Kids! Always leaving their homework to the last minute!
Last summer, as blog readers will recall, a British judge sentenced a young man convicted of possessing terrorism-related materials to a course of classic reading.
"Have you read Dickens? Austen?” Judge Timothy Spencer asked the defendant, twenty-one-year-old Ben John, who had faced up to fifteen years in prison but instead got a two-year suspended sentence. “Start with Pride and Prejudice and Dickens' A Tale of Two Cities. Shakespeare's Twelfth Night. Think about Hardy. Think about Trollope.”
Prosecutors appealed the sentence as too lenient – the appeal is still pending – and numerous outside groups expressed outrage, even as the judge promised to summon John back to court on January 4 for a quiz on all that improving literature.
In late November, when Scout, a newly launched newsletter covering the British far right, asked John how he was getting along with the books, he admitted that he had “not got to grips with any of them.” His Trollope and Hardy selections, he said, were in a box at home somewhere.
According to Scout, John’s suspended sentence likely includes more stringent and precise conditions than EngLit homework, so it’s not clear that missing out on Malvolio and Sydney Carton will actually land him in jail. But John would be well advised to hit the books anyway, one barrister told the newsletter. “A judge might take a dim view of a defendant he has released if they don't follow their recommendations,” the lawyer said. “If he were to breach an order in those circumstances, he is unlikely to get any more leniency.”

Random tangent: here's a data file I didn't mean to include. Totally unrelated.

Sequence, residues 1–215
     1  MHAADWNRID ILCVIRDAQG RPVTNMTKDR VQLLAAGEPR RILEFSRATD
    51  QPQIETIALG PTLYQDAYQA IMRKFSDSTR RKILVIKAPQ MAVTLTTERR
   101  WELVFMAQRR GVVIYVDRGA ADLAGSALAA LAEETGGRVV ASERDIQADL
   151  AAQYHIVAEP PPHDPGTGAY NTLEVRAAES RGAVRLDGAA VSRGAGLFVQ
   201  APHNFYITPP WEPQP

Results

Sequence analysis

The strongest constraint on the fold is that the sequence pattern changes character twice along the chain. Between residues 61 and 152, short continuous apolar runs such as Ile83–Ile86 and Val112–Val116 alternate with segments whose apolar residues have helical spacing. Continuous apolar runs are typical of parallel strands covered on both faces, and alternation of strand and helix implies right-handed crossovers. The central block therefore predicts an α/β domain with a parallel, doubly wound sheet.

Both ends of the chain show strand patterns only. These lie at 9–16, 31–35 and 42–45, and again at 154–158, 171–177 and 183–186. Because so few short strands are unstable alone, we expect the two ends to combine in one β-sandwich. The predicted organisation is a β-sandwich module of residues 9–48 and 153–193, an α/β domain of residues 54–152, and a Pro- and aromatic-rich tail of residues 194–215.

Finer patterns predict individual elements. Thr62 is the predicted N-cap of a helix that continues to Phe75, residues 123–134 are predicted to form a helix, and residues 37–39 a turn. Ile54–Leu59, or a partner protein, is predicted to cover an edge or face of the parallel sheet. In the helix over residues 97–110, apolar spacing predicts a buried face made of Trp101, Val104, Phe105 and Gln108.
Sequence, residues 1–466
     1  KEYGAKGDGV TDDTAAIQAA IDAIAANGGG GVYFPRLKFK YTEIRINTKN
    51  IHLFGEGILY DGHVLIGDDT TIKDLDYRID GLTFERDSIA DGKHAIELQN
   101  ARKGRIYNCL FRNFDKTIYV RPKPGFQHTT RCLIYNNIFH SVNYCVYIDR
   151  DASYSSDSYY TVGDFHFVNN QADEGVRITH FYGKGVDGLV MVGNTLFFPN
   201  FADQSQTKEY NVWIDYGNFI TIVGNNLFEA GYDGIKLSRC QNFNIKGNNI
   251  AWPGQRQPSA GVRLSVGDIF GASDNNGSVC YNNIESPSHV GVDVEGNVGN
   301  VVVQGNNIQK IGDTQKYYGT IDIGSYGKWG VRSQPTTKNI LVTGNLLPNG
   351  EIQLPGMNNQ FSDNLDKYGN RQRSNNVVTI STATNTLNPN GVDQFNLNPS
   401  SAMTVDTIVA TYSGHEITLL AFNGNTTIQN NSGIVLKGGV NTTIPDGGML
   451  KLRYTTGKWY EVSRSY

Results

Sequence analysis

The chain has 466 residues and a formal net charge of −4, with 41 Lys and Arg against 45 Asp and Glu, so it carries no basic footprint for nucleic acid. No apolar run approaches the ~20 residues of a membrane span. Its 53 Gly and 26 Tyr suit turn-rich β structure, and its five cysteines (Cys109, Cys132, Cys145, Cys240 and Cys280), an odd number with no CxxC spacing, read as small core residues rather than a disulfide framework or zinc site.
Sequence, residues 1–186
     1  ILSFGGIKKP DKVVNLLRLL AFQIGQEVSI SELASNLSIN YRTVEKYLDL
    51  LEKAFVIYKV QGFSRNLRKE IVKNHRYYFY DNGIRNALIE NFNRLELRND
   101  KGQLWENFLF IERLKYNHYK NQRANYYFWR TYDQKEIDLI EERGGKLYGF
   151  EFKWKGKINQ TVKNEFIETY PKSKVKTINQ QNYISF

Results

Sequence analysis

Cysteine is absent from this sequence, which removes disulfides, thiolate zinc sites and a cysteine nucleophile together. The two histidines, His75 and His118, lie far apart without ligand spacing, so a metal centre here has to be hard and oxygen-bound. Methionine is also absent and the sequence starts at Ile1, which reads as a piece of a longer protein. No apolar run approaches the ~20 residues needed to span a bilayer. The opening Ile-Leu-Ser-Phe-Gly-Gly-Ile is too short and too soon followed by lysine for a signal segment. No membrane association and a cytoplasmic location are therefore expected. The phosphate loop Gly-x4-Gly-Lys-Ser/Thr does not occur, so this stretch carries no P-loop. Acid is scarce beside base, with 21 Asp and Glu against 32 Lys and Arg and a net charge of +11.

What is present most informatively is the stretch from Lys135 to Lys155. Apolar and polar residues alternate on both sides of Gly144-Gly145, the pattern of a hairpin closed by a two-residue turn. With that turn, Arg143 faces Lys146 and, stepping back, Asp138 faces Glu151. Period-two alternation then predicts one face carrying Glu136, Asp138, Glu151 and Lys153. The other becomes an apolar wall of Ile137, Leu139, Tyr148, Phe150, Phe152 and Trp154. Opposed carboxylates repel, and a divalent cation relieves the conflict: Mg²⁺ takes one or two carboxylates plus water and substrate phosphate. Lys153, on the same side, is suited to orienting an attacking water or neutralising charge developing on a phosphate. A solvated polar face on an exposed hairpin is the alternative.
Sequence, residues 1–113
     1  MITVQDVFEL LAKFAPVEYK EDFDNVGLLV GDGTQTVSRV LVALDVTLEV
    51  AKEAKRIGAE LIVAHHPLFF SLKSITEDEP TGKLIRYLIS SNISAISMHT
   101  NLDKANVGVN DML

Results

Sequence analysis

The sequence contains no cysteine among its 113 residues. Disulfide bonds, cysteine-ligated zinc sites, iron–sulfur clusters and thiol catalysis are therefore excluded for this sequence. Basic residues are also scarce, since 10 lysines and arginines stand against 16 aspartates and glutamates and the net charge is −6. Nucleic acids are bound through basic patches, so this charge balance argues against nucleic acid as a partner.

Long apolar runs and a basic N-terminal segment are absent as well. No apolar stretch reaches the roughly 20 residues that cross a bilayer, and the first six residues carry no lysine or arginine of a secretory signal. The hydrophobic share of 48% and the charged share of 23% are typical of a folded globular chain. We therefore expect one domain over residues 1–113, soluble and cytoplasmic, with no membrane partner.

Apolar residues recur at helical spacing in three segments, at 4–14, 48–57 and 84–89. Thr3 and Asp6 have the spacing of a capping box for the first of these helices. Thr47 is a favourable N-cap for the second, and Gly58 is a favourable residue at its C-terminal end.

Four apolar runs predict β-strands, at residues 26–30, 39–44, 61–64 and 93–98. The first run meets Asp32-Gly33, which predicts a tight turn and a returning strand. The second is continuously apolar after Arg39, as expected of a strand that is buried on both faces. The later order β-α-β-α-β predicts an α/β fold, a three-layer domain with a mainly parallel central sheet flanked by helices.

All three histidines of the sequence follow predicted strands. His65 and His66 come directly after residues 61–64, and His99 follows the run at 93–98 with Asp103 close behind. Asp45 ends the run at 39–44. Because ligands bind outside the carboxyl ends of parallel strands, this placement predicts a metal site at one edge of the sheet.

Given his unfortunate procrastination, John is facing a lot of cramming: Even assuming he chooses shorter Trollope and Hardy novels (The Warden, maybe? Under the Greenwood Tree?), he’s probably looking at over a thousand pages. With less than a month remaining till his high-stakes final exam, that’s going to require a disciplined pace of some forty pages a day – doable, yes, but still a commitment, even for a man who apparently downloaded tens of thousands of problematic documents, including antisemitic writings and bomb-making instructions.
Luckily for John, however, he can cross at least one item off his homework list: He read Pride and Prejudice in high school, he told Scout. Apparently, that experience didn’t wean him off his neo-fascist views, however. Go figure.